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First Known Use of scare

Verb

13th century, in the meaning defined at transitive sense

Noun

circa 1548, in the meaning defined at sense 1

History and Etymology for scare

Verb

Middle English skerren, from Old Norse skirra, from skjarr shy, timid

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More Definitions for scare

scare

verb

English Language Learners Definition of scare

 (Entry 1 of 2)

: to cause (someone) to become afraid
: to become afraid

scare

noun

English Language Learners Definition of scare (Entry 2 of 2)

: a sudden feeling of fear
: a situation in which a lot of people become afraid because of some threat, danger, etc.

scare

verb
\ ˈsker How to pronounce scare (audio) \
scared; scaring

Kids Definition of scare

 (Entry 1 of 2)

: to become or cause to become frightened Your stories scare the children.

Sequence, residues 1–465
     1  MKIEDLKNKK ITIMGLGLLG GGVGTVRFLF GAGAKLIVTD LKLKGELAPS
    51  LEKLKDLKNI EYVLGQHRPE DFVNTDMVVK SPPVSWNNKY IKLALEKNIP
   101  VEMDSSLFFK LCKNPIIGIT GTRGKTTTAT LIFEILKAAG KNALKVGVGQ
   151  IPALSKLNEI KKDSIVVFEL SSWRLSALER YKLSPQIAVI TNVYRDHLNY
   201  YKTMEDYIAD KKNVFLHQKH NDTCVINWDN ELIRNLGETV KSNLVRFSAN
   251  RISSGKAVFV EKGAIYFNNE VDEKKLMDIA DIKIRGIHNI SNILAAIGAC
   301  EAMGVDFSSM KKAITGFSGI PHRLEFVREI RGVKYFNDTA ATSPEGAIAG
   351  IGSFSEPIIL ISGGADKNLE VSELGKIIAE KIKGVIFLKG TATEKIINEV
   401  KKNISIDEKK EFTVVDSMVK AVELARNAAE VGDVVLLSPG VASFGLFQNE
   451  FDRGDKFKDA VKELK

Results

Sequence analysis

scare up
: to find or get with some difficulty She scared up something for us to eat.

scare

noun

Kids Definition of scare (Entry 2 of 2)

1 : a sudden feeling of fear : fright
2 : a widespread state of alarm There was a scare that the disease would spread.

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More from Merriam-Webster on scare

Rhyming Dictionary: Words that rhyme with scare

Thesaurus: All synonyms and antonyms for scare

Spanish Central: Translation of scare

Nglish: Translation of scare for Spanish Speakers

Britannica English: Translation of scare for Arabic Speakers

Comments on scare